Georgia students taking PSAT today glimpse SAT redesign

I’ve paid attention to the 2015 PSAT —  given this morning across Georgia — for two reasons. The first is professional: The College Board has revamped the 2016 SAT in significant ways, and today’s PSAT reflects that redesign. The new SAT will roll out in March.

MCC-ACC TEST.JPGThe second was personal; I had two PSAT takers in the mix as my twins are 11th graders. In Georgia, 10th graders also took the test today as a practice. I met a private school parent last night who told me her Buckhead high school was also giving the PSAT to freshmen as a practice.

In the statement below, FairTest, a group critical of the overuse of standardized testing and specifically of the SAT, criticizes the new PSAT, including the multiple scores students will receive.

My son took a practice PSAT two weeks ago on the practice site created for the College Board by Khan Academy. And he showed me the revised scoring system that FairTest outlines.

So, I was aware the overall score on PSAT would be on a scale of 320 to 1520 rather than the 400 to 1600 of the redesigned SAT. You can read the College Board’s explanation here

College Board says it’s also providing scores for various sections within the test so students can see where they faltered.

Here’s what FairTest says about the new PSAT:

The more than one million high school students who sat for today’s first administration of the revised Preliminary SAT (PSAT) will each receive no fewer than 15 separate scores from that exam. Test results will be reported on a variety of scales, all of which differ from the historic 200-800 range on the SAT.

According to Bob Schaeffer of the National Center for Fair & Open Testing (FairTest), “This false precision masks the fact the PSAT, old or new, is a weak predictor of college success, inferior to classroom grades. Score reporting ‘numerology’ also deflects criticism from the ongoing misuse of PSAT results as the sole qualifying factor for the National Merit Scholarship competition.”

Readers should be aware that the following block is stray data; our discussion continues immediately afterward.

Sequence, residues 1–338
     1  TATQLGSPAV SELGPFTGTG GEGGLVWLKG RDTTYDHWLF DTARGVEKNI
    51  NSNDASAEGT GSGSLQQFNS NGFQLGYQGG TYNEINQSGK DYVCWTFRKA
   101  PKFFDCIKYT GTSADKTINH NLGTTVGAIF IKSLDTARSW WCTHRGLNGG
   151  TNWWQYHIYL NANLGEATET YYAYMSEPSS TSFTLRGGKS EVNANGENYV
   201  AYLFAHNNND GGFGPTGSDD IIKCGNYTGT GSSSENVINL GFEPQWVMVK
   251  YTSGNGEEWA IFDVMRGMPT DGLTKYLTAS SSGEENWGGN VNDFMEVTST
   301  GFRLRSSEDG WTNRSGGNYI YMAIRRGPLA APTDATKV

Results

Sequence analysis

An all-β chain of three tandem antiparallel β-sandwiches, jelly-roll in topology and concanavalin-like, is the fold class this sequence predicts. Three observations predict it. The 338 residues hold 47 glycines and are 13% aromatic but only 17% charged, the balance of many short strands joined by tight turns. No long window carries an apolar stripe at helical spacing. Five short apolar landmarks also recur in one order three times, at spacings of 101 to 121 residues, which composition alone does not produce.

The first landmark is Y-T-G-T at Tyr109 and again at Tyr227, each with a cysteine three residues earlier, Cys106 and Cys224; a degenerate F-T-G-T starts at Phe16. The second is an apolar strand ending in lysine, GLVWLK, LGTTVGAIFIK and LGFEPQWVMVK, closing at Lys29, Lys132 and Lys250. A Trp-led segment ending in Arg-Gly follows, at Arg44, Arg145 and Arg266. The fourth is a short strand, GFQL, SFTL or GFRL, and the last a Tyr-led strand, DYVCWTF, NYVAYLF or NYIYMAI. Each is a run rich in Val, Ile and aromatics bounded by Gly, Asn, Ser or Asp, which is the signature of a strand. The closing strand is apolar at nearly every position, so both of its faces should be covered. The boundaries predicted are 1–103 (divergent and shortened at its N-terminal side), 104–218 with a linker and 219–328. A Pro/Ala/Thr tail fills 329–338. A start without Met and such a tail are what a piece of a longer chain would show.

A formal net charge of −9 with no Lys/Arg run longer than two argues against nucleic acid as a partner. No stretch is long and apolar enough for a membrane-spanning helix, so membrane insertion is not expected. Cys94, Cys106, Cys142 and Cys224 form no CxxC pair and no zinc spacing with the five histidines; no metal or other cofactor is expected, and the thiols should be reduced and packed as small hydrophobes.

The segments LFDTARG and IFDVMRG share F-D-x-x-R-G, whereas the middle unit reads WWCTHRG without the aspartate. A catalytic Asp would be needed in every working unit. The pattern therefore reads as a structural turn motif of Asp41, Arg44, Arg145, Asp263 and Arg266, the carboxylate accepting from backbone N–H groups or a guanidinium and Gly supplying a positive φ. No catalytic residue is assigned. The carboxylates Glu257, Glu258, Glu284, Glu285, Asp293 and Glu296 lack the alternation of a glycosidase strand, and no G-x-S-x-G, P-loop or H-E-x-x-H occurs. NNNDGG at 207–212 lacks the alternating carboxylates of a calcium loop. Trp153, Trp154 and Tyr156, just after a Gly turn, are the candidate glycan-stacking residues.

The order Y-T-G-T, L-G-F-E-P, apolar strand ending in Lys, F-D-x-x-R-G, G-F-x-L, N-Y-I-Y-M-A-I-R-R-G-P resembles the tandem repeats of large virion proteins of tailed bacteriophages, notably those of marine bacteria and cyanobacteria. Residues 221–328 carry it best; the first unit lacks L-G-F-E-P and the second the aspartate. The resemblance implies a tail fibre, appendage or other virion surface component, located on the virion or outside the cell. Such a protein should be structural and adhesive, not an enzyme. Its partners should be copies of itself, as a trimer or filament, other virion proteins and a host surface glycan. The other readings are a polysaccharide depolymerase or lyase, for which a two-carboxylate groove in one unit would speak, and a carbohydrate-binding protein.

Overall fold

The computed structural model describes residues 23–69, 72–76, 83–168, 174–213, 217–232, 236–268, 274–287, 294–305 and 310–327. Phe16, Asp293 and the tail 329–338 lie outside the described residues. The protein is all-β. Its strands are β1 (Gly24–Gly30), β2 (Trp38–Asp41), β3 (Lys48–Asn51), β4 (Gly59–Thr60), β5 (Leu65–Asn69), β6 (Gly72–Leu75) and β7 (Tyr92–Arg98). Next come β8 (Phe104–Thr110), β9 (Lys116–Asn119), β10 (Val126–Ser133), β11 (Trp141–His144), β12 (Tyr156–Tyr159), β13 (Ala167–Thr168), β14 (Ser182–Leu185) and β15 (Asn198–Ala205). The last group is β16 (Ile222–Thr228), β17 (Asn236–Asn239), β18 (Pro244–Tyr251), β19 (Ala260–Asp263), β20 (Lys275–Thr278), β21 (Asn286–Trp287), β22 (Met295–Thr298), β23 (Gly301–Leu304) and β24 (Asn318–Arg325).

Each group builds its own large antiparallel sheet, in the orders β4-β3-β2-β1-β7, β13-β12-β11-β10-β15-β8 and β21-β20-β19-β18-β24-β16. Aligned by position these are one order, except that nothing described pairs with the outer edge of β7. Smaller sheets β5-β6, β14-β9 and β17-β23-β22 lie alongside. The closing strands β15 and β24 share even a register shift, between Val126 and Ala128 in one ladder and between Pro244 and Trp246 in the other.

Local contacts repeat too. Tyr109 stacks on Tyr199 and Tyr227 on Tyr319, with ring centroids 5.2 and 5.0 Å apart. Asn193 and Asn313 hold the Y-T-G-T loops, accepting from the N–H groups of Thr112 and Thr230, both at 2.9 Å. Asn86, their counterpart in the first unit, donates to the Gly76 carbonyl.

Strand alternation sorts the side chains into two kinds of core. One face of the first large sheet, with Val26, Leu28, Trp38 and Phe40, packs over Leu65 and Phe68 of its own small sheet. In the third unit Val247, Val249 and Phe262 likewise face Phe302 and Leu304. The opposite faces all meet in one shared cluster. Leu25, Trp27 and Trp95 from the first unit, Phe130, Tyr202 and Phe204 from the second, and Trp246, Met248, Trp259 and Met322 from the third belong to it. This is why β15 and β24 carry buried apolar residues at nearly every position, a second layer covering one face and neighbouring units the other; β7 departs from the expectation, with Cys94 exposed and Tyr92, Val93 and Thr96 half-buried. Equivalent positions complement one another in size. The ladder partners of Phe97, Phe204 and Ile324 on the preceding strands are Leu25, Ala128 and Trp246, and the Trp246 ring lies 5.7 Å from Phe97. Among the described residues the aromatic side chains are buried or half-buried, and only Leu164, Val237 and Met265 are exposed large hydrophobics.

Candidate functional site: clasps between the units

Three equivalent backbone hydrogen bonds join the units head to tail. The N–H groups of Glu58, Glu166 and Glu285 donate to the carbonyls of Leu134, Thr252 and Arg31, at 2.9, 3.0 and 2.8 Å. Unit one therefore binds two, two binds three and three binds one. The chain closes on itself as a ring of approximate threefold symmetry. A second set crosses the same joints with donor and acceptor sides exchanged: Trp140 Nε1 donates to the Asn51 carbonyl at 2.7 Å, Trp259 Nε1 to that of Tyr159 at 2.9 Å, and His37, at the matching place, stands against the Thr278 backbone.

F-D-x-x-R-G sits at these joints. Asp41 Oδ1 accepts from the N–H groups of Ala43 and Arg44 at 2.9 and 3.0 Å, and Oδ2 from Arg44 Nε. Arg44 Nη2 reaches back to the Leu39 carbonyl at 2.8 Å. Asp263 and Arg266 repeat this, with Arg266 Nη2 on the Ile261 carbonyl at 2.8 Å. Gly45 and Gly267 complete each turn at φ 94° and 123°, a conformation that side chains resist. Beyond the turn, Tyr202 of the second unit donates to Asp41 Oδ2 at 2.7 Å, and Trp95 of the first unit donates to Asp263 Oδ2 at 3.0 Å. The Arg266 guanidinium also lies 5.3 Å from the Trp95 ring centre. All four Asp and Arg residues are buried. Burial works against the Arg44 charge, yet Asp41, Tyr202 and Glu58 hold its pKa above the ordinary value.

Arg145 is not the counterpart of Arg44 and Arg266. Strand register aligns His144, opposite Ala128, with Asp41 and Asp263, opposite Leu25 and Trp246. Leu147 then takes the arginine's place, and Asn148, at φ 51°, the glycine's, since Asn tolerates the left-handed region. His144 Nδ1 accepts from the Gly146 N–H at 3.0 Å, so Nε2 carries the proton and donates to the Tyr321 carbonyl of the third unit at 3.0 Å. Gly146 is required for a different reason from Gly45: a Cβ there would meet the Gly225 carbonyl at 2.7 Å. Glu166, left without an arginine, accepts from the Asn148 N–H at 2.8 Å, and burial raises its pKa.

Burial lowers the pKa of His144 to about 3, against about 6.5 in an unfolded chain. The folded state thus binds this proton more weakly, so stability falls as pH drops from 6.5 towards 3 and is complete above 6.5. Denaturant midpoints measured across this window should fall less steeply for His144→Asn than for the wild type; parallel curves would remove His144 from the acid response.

A FairTest analysis of technical documents published by the College Board, the PSAT’s owner, shows each test taker will receive:

1 “Total Score” (320 – 1520 scale)
2 “Section Scores” (each on a 160 – 760 scale)
“Evidence-Based Reading and Writing” “Math”
3 “Test Scores” (each on a 8 – 38 scale)
“Reading” “Writing & Language” “Math”
2 “Cross-Test” scores (each on a 8 – 38 scale)
“Analysis in Science” “Analysis in History/Social Studies”
7 “Subscores” (each on a 1 -15 scale)
“Words in Context” “Command of Evidence”
“Expression of Ideas” “Standard English Conventions”
“Heart of Algebra” “Problem Solving & Data Analysis”
“Passport to Advanced Mathematics”

“To generate so many separate score categories, some with ham-handed promotional labels, such as Passport to Advanced Mathematics, the revised PSAT is 27 percent longer than last year,” says Schaeffer.

“There is no evidence, however,” he says, “the test is a more accurate or fairer predictor of undergraduate success. Independent studies demonstrate that an applicant’s high school record is a stronger gauge of college readiness than any standardized test. Yet, scores from the new PSAT will still be used as the sole qualifying factor for millions of dollars in National Merit scholarships.”

Civil rights and feminist groups have joined FairTest in criticizing the National Merit selection process for relying on a biased test to eliminate 99 percent of scholarship competitors, no matter how strong their academic records.